The Nicene Creed – Uniting Christians Across History

I’ll be honest – church wasn’t a passion of mine when I was a kid. (Hard to believe, right?) I didn’t hate it, I just didn’t completely understand its importance. I can still remember certain things happening in church when I was just a few years old. One of them feels more vivid than the rest: my reaction to the Nicene Creed.

I had always understood that there were two main creeds we confessed in church – The Apostles’ Creed and the Nicene Creed. Of the two of them, the Apostles’ creed was shorter, and easier to understand. Every time our congregation recited the Nicene Creed, I became slightly frustrated. To me, it was just a long-winded version of the Apostles’ Creed. Half the stuff in it didn’t even make sense to me. God from God? Light from Light? What was the point of adding this language when the Apostles’ Creed was a perfectly good summary of Christianity?

The Apostles’ Creed definitely is a eloquent summary of the Christian faith. It highlights all three persons of the Trinity, briefly describing their areas of work and purpose. It predates the Nicene Creed, being an early confession of the Church. Early Church tradition stated that it was actually written by the Twelve Apostles, though realistically it was just a statement formulated later in the Church, having its roots in the true confession of the Apostles. It served the Church well as a confession of the true Christian faith.

The Council of Nicaea
Flash forward to the year 318 A.D. An elder of the Church, named Arius, began teaching and proclaiming that Jesus was not actually God. Rather, He was an exalted servant of the Father, not actually being divine Himself. Arius had a variety of reasons for believing this, citing Jesus’ humanity, death, and display of human emotion as reasons Jesus couldn’t actually be God. At the time that this heresy arose, the Church had not yet officially and explicitly stated the doctrine of Christ’s two natures. The ideas of Arius made sense to many Christians, giving it momentum within some of the Church.[1]

In a reaction to the spreading of this heresy, known as Arianism, a council was called together in the city of Nicaea. The council was a meeting of elders, bishops, and presbyters of the Church. The meeting consisted of a great deal of debate and discussion over the divinity of Jesus. Because His divinity was the main issue, the persons of the Father and the Holy Spirit were not a main focus.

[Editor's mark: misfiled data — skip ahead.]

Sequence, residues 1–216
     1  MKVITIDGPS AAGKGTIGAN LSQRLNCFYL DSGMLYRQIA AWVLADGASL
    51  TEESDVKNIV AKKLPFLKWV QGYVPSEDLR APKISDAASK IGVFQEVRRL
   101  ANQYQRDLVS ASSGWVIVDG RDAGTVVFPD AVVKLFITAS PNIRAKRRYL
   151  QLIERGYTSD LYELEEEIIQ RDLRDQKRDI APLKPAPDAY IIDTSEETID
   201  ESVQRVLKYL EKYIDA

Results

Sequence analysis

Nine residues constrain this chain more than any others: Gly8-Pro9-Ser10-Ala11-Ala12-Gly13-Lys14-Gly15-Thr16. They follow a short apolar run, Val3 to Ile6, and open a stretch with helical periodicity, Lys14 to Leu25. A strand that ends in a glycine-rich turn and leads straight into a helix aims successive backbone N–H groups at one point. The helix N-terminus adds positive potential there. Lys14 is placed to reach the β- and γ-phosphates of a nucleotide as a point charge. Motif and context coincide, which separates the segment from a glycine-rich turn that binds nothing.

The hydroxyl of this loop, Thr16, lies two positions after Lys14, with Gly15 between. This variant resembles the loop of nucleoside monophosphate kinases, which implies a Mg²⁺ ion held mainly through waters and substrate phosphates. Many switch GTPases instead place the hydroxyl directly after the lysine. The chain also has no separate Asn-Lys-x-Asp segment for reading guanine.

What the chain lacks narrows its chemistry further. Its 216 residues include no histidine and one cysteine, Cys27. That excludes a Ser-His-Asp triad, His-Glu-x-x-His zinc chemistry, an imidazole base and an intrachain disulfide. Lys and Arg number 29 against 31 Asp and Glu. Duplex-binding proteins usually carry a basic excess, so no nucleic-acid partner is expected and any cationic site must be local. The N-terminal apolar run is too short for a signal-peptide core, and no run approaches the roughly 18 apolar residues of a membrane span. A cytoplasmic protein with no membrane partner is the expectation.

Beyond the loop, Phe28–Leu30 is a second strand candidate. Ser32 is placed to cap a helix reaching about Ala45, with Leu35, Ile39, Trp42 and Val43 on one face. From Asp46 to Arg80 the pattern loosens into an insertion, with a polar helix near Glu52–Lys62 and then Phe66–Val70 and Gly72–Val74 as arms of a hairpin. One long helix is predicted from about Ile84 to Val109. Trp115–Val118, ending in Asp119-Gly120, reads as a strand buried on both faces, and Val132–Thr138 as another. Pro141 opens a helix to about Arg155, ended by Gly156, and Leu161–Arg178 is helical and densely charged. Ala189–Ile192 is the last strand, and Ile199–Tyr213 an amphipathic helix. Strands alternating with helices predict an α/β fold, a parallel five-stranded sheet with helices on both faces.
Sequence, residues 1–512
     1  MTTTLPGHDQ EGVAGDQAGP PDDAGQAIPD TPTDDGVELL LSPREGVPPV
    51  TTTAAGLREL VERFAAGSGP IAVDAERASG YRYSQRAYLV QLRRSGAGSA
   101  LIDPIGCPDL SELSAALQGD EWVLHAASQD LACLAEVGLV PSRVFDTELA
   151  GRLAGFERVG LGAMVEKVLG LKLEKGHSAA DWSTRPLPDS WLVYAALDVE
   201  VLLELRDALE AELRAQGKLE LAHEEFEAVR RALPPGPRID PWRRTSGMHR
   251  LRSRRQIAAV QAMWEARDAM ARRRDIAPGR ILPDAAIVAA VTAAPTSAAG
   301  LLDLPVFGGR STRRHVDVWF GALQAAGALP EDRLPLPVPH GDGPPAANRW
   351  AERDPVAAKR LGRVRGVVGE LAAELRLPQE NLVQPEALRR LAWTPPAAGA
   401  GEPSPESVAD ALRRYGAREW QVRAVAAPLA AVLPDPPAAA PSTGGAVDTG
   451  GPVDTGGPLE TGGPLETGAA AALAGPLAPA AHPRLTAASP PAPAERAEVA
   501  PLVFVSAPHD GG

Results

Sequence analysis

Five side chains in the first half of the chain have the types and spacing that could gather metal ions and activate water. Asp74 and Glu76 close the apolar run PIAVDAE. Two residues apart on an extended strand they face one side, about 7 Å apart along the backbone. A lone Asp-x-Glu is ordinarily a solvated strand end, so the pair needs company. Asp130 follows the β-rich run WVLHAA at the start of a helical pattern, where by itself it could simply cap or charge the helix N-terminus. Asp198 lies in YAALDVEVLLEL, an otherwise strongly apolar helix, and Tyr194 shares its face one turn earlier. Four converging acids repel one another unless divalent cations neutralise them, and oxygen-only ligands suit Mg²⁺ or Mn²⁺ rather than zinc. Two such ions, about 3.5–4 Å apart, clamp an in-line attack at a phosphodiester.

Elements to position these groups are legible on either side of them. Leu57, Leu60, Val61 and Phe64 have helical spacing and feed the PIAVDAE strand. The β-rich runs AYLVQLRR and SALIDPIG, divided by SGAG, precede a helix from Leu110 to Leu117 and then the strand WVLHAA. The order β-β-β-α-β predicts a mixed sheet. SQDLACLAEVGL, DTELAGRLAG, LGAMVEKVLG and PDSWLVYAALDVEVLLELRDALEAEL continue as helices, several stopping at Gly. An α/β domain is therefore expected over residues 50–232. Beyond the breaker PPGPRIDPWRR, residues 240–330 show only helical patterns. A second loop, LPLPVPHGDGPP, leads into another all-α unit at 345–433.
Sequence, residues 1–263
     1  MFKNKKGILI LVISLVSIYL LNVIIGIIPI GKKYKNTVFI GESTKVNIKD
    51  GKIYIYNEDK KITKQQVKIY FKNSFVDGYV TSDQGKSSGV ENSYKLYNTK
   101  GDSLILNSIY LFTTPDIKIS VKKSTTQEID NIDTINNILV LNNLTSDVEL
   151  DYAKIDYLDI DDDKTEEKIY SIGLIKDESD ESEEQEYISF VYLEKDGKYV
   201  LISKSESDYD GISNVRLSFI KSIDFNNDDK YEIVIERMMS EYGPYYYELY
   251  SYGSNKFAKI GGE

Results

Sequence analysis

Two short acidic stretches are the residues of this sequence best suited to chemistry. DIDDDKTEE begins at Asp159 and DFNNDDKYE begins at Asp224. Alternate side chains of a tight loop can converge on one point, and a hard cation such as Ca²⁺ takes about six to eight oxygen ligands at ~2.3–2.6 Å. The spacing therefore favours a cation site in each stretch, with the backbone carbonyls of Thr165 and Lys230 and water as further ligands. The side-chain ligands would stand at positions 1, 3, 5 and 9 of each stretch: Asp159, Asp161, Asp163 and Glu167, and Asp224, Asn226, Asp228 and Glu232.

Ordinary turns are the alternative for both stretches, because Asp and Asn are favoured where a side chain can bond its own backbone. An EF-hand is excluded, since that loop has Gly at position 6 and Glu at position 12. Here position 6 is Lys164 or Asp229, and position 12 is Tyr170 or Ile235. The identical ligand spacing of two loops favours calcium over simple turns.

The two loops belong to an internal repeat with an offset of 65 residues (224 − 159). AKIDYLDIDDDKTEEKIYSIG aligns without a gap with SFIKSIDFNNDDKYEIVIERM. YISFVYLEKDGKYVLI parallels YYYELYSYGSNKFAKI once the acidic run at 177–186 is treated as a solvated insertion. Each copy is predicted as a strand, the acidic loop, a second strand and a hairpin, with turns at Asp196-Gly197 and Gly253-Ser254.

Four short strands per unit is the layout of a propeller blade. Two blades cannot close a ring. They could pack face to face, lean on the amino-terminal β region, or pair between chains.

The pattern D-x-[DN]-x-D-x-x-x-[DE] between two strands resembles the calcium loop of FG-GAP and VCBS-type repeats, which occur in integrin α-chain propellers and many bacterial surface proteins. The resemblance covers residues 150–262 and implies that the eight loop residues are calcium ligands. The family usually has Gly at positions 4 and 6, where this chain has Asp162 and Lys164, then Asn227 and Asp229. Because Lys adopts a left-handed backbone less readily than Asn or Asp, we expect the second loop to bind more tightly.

What does this Mean?
The council ultimately ruled against the teachings of Arius; Jesus was declared to be God, just as were the Father and the Holy Spirit. However, the council didn’t just write a simple or vague statement on Jesus’ divinity. The specific wording found in the Nicene Creed was chosen so that there would be no room for another heresy to develop concerning Jesus’ divinity. The Nicene Creed specifically states:

We believe in one Lord, Jesus Christ, the only Son of God, eternally begotten of the Father, God from God, Light from Light, true God from true God, begotten, not made, of one being with the Father. Through him all things were made.

The objective of the phrases “God from God,” “Light from Light,” “True God from true God,” and “begotten, not made, of one being with the Father,” is to emphasize the fact that Jesus and the Father are “of the same substance.” (Known as homoouisios, from the Greek word “μοούσιος,” meaning “same essence.) Jesus’ unity with the Father was emphasized, while still confessing that He is the Son of God. Jesus is confessed as the true and eternal God, just the same as the other two persons of the Trinity. It is also stated that the world was created through Him. The portion of the Creed that is quoted above is the most significant addition to the general template of the Apostles’ Creed.

The implication of Jesus not being God can be discussed at great length, but in summary it has to do with our salvation. No mere human or created creature could be the one to atone the sins of the entire world. It is imperative that God Himself was our atonement.

It is difficult to actually wrap our minds around the fact that Jesus is both God and man. It’s impossible to comprehend that there are three persons, yet only one God. Instead of attempting to understand the great mysteries of the Lord, we humbly submit to the amazing Truth he has revealed to us.

Needless to say, I no longer get upset when confessing the Nicene Creed. It’s my prayer that you, too, would contemplate and recognize the importance of this confession. Ultimately, it unites modern Christians with the historical Church in one faith. Let us rejoice in the fact that Jesus has preserved the one holy and apostolic Church through all of history, and will continue to do so until he returns in glory.

“Therefore Pilate said to Him, ‘So You are a king?’ Jesus answered, ‘You say correctly that I am a king. For this I have been born, and for this I have come into the world, to testify to the truth. Everyone who is of the truth hears My voice.’

John 18:37

 

1. Justin S. Holcomb, Know the Creeds and Councils, Grand Rapids, 2014, p. 34.

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